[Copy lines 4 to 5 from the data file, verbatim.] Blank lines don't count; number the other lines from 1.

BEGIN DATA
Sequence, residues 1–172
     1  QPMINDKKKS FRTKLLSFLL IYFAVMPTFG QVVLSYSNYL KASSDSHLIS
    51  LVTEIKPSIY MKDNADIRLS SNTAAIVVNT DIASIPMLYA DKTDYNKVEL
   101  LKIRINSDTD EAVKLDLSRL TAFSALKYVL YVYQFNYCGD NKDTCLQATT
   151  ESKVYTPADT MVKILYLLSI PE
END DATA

   101  LKIRINSDTD EAVKLDLSRL TAFSALKYVL YVYQFNYCGD NKDTCLQATT
   151  ESKVYTPADT MVKILYLLSI PE